In the years since, the Civil War has been romanticized until it has taken on a "larger-than-life" quality. This war was the most significant event in the history of these United States of America, but all the romanticizing does not make the events that occurred any less terrible than they really were. One such event was the fate of the hapless Davy Getz.
Davy Getz was the thirty-nine year-old son of Andrew Getz of Woodstock. His younger brother Levi served in Thomas Rosserís brigade of the Seventh Virginia Cavalry and Davy may have looked up to his brother as a hero.
You may wonder why Davy himself was not enlisted in the service of the Confederacy. He has been described as having the mind of a child and being harmless and half-witted, he was even described as the "village idiot." When it was suggested that Davy enlist in the Confederate Army, he became terrified to extremes.
In late September of 1864, General Philip Sheridanís forces were frequently the targets of snipers and bushwhackers when they were burning barns and mills throughout the Valley. One day, Federal troopers under command of General George Armstrong Custer, came upon Davy Getz in the woods with a rifle.
Getzís personal appearance, to most observers, would indicate his ineptitude. Despite this appearance, Custerís men seized him as a bushwhacker. Davy stated that he was in the woods hunting squirrels. Given his mental status, one might wonder why his parents would send him out on such a mission while Federal troops were in the area.
When his parents learned that Davy had been captured, they found where his captors had taken him and pleaded with the Federal soldiers for his release. As bad news has a tendency to do, the word of Davyís capture and possible execution spread quickly throughout the town of Woodstock. Some of the areaís prominent citizens, Mrs. J. L. Campbell, Mrs. Murphy, Moses Walton, Dr. J. S. Irwin and Adolph Heller tried to intercede on Davyís behalf.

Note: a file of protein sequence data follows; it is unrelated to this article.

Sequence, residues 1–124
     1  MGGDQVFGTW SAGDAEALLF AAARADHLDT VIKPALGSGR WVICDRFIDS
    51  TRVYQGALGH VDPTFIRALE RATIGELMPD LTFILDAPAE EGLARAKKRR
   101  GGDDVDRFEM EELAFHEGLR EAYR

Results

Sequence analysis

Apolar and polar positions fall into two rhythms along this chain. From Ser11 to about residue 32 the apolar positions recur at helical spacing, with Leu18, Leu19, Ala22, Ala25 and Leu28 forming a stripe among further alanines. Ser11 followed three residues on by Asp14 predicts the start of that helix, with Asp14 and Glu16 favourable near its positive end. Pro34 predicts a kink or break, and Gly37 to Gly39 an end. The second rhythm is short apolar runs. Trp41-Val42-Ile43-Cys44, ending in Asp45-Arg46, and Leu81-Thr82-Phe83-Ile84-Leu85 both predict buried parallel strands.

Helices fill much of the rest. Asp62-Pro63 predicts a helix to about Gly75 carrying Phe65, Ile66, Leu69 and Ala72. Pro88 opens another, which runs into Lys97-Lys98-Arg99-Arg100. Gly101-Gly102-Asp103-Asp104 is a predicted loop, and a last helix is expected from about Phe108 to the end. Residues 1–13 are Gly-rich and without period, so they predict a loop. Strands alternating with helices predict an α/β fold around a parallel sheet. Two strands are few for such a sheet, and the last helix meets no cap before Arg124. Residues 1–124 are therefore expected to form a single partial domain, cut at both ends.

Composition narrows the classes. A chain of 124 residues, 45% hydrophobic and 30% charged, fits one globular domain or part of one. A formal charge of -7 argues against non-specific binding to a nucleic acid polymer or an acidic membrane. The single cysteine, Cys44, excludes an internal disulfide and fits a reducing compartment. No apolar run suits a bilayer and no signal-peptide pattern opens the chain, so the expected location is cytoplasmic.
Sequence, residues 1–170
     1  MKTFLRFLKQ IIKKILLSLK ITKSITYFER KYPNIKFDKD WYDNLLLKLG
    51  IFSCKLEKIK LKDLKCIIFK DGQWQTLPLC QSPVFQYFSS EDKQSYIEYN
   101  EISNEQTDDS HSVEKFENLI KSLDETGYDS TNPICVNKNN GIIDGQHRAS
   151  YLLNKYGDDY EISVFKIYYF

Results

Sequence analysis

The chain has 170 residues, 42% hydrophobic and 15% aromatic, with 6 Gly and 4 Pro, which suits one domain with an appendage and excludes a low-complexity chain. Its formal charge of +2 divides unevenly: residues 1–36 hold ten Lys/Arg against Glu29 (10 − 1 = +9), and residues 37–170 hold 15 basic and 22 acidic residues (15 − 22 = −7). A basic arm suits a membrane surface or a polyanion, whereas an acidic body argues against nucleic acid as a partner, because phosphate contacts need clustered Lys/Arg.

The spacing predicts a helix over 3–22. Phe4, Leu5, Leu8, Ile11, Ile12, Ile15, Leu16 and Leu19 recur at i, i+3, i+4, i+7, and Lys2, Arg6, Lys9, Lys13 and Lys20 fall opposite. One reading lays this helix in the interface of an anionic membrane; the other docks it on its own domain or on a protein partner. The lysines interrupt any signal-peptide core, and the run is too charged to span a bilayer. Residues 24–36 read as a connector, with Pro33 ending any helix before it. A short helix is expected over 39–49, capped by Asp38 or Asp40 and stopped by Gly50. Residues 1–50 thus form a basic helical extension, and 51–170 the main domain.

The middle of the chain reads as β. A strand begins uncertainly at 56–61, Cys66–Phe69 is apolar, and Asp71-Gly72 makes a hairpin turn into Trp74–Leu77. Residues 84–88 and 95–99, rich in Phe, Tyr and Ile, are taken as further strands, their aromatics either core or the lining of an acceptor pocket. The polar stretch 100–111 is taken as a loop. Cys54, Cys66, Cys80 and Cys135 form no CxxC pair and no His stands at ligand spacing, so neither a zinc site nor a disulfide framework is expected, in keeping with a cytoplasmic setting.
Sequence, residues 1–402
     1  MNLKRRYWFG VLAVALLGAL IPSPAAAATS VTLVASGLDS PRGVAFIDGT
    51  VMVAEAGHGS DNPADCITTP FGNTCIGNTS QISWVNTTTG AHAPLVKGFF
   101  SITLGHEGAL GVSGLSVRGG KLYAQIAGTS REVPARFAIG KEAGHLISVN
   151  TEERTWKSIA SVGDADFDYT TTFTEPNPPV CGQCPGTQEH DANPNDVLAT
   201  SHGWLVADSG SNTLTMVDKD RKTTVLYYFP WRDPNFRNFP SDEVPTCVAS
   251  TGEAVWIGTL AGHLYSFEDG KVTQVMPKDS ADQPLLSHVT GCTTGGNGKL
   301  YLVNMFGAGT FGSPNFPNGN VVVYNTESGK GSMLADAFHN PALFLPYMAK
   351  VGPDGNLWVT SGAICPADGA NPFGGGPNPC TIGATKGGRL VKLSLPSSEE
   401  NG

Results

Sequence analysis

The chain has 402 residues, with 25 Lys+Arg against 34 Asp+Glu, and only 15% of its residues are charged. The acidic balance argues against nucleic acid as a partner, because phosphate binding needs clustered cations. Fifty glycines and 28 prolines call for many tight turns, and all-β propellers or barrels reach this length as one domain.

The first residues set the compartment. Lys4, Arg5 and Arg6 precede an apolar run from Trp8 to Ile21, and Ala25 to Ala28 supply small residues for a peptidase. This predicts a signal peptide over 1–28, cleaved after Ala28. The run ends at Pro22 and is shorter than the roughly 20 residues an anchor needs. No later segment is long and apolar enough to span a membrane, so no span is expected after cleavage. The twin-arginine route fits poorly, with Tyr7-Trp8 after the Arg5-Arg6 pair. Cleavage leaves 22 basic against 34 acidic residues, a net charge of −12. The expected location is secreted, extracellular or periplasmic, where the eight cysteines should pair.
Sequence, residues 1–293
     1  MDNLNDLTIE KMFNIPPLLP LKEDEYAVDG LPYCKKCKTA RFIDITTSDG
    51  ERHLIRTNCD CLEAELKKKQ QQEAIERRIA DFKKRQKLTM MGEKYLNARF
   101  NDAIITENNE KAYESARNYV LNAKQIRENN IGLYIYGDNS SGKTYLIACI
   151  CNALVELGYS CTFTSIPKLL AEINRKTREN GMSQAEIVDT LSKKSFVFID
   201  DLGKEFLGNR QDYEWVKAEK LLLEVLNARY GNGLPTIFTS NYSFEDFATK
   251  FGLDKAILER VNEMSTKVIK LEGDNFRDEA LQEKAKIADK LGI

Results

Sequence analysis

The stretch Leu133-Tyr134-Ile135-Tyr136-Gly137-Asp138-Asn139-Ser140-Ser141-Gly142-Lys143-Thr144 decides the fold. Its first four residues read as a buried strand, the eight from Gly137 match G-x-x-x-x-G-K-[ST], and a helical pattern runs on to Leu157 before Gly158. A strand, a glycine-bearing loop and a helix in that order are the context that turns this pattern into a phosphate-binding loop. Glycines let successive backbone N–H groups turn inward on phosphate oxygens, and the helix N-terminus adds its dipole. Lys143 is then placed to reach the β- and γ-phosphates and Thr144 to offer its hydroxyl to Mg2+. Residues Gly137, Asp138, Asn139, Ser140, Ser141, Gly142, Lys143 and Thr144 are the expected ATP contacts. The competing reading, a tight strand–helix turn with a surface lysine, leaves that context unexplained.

Dr. Irwin and Mr. Heller, an Austrian-born Woodstock merchant, were both staunch Union men. Both were held in high esteem by both sides for their honesty and moderation. In his appeal to General Custer, Mr. Heller said: "General Custer, you will have to sleep in a bloody grave for this. Surely, a just God will not permit such a crime to go unavenged." Despite their appeals to Custer, Davy was tied to a wagon and forced to march with the Federal army as an example to other citizens in the Valley. It was quite apparent that Custer meant to shoot Davy, but he did not do so immediately.
Davy Getz was forced to accompany the Federal army to Harrisonburg, where he awaited his fate with the supply wagons (during this last week of September, Custerís men were off in Augusta County burning the barns and mills, along with the yearís harvest). Getz was later moved to Custerís headquarters in Dayton, Rockingham County. Here, a court was convened and Davy was condemned to be shot as a bushwhacker.
Davy was led through Joseph Coffmanís orchard to a small rise of ground. The harmless Davy Getz was forced to dig his own grave. All the details are not known, but in this orchard, Davy was executed. His body lay uncovered for at least a day, during which time his shoes were stolen.
A few days later, on October 6, Rosserís brigade of the Seventh Virginia Cavalry passed through the little town of Dayton. Davyís brother, Private Levi Getz, a member of this brigade, unknowingly rode past the grave of his older brother that day. Shortly after the end of the war, seventy-six year-old Andrew Getz, Davyís father, could no longer bear the grief of his sonís fate and committed suicide.
The irony in this story is the fact that the Custer/Kuester families of the Brockís Gap area of Rockingham County and the Custers of Berkeley County in the Lower Shenandoah Valley were descended from the same German immigrant as General George Custer. Some of his destruction was carried out against members of his own family.
Twelve years later, in 1876 at Little Big Horn, Custer met his own fate. Chief Rain-in-the-Face and his men slaughtered Custer and his entire force. Adolph Heller had indeed described Custerís fate twelve years previous in the Shenandoah Valley when he said that Custer would "sleep in a bloody grave".
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